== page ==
The Globe and Mail examines how Canada’s colleges and universities are reporting steady or growing demand from the 50-plus cohort for professional development credentials, through both in-class and online programs. Lorraine Carter, President of the Canadian Association for University Continuing Education, said, “There are pockets of universities looking to reach out to, and to support, workers who want to extend [their careers] or pursue something new.” According to the article, a primary reason for this new interest in continuing studies is that many of Canada’s baby boomers cannot afford to retire at 65 or earlier, due in part to the financial crisis of 2008. Globe and Mail

Millennials not as entitled as some may think, UBC study finds

A recent study from UBC finds that millennials (people born between the early 1980s and 2000s) might not warrant the “entitlement generation” label that many have applied to them. The study found that governments currently spend three times as much on a retiree as they do on someone under 45. Paul Kershaw of the School of Population and Public Health at UBC said of this discrepancy, “I think that’s one of the places where actually we need younger Canadians to feel more entitled. More entitled to have a world of politics that works for them simultaneously while it works for others, including the people that they love, like their parents and grandparents.” Kershaw also noted that according to existing polls, millennials value money and wealth much less than those over 45, citing fulfillment and making a difference as their highest priorities. CBC

Will the web save or kill academic journals?

In an interview with Wired Magazine, Vincent Larivière, of the University of Montreal’s School of Library and Information Science, has expanded on the results of his study on scientific publishing, released earlier this month. Remarking on the apparent paradox between the rise of the Internet and publisher consolidation, he noted that “what prevailed is indeed the commercial publishing model and not the independent publishing model.” Larivière is ultimately unsure about the future, noting the rise of several open journals such as PLOS One, while admitting that the open source model of journal publication is not for everyone. WIRED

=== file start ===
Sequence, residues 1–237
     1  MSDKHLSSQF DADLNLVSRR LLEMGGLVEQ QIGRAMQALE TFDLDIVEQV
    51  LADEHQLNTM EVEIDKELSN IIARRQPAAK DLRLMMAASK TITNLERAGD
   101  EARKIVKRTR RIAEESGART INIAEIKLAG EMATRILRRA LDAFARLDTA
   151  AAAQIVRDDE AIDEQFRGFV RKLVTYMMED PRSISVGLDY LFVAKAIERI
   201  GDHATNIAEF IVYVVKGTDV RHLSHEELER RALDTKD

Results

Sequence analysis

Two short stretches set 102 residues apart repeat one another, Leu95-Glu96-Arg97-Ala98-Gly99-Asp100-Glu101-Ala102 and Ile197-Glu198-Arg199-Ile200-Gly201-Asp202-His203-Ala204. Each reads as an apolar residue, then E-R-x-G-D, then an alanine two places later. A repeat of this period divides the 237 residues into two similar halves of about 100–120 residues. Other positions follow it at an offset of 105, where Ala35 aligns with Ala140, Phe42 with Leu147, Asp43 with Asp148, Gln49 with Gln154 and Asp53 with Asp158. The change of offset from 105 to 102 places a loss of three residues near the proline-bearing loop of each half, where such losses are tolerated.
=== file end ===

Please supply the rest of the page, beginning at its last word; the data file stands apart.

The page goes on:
Deal to keep Sweet Briar College open approved by VA judge

A deal has been reached allowing Virginia’s Sweet Briar College to remain open. Financial difficulties prompted an abrupt announcement by the board earlier this year that the college would be forced to close. This announcement sparked a significant outcry by alumnae, who began a fundraising campaign entitled Saving Sweet Briar. The deal, approved Monday morning by a Virginia judge, will rely on $12 M in donations from the group and require a lifting of restrictions on the college’s $16 M endowment. The deal was “an answer to the prayers of many and a powerful validation of the value of fighting for what you believe in,” according to Sarah Clement, Chair of Saving Sweet Briar. The Chronicle of Higher Education | Inside Higher Ed | CNN | Reuters